“I can’t single out any one of the buildings. Is it possible to say which one of your children is your dearest?

“All my buildings are built with national style. That was not only conditioned by traditions, but by seismic and weather conditions, as well as the characteristics of national psychology.

“All cities change, and that’s natural. There are periods of flourishing and decline. However, people build the city and its environment is created thanks to them. The old city has to be maintained; keeping the link of time educates people and ties them to their history and roots.”

Anna Ter Avetikian passed away at the age of 105. Her passing was announced on January 16, 2013, by the news agency A1+.

Previous entries in “This Week in Armenian History” can be read on the Prelacy’s web site (www.armenianprelacy.org).

The Prelacy Bookstore has an extensive collection of books (in Armenian and English) about the Genocide including histories, historical novels, memoirs, eye witness testimonies, essays, and poetry. From now through next April we will feature one or two books each week from the Bookstore’s collection.
Der Zor: On the Trail of the Armenian Genocide of 1915
Bardig Kouyoumdjian and Christine Simeone
Translated by Michele McKay Aynesworth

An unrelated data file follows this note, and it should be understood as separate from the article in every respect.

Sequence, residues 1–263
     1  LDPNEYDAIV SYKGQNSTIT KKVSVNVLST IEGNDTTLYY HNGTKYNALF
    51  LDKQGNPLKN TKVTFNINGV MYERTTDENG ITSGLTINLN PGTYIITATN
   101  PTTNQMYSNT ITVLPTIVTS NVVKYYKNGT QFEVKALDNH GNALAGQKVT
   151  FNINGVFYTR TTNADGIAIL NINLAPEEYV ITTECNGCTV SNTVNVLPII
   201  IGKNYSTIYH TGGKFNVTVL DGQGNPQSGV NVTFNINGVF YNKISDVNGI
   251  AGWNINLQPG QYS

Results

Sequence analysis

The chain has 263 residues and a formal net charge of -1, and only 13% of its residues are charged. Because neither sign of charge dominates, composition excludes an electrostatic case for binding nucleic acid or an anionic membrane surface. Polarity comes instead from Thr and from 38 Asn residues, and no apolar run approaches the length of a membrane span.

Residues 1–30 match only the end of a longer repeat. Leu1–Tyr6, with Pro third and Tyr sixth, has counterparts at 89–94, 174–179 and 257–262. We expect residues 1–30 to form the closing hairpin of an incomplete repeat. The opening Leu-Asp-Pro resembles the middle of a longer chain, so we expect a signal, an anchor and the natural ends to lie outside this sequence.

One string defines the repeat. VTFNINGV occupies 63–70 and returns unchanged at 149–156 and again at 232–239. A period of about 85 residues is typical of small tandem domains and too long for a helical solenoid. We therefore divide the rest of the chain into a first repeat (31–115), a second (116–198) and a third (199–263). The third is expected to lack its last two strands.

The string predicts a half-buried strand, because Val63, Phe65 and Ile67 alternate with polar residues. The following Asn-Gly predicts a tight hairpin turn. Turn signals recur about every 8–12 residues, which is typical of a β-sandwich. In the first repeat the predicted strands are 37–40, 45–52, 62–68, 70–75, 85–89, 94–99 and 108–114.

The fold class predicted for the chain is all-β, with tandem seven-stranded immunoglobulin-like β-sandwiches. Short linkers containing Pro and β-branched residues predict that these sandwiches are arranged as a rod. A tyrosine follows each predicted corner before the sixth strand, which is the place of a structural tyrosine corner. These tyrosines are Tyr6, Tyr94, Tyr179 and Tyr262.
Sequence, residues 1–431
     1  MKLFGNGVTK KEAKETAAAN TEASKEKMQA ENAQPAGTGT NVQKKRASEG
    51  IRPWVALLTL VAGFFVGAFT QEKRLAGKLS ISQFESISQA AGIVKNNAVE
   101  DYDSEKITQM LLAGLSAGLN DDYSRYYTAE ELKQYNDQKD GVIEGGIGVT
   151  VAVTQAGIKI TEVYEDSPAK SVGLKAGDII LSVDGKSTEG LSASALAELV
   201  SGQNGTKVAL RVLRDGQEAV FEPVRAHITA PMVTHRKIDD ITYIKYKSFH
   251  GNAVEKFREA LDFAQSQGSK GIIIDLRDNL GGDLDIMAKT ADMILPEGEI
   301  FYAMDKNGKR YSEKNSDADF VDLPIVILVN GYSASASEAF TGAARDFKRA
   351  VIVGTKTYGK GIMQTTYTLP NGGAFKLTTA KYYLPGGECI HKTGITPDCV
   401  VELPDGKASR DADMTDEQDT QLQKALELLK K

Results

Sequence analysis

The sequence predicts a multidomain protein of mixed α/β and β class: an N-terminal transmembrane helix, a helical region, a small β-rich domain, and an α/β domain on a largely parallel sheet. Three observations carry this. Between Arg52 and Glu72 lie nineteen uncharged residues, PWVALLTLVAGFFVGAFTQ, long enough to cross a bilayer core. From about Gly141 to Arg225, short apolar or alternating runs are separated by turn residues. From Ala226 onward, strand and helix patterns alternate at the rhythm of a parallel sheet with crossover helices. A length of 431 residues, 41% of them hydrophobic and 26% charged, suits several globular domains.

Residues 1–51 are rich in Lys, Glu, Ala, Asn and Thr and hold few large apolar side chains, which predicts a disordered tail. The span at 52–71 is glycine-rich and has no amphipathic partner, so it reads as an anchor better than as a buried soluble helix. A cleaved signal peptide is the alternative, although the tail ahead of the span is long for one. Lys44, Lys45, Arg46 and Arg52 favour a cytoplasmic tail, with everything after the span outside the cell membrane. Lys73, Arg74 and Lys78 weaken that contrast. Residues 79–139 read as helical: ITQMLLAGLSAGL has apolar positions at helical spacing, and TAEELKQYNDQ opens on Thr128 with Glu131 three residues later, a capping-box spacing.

Bardig Kouyoumdjian, a photographer and grandchild of a survivor of the Armenian Genocide, went to the Syrian desert where hundreds of thousands of Armenians found their final destiny. He made an incomparable journey to these forgotten places, the centers of deportation in Aleppo, Meskene, Rakka, and Deir Zor. He also managed to find the main sites of the massacres at Shaddade, Markade, Ras-ul-Ain. The moving photography is enriched by his account, written down by Christine Simeone.

$50.00 (softcover) plus shipping & handling
Նամակներ «թրքուհիին» եւ հայ գրողին միջեւ 
Արմէն Տօնոյեան
Երեւան, «Մուղնի» հրատարակչութիւն, 2003

Այս գրքոյկը կը ներկայացնէ ուրֆացի հայ գրողի մը եւ ուրֆացի թուրք (մայրը՝ հայ) կնոջ մը նամակագրութիւնը։ Այդ նամակագրութենէն ու մօր մահուան կրած ցնցումէն թուրք կնոջ մէջ կը ծնի ինքնութեան տագնապ մը, որ կը զայն կը մղէ իր արմատներու փնտռտուքին՝ մինչեւ Հայաստան երթալու աստիճան։

Գին՝ 10 տոլար (թղթակազմ)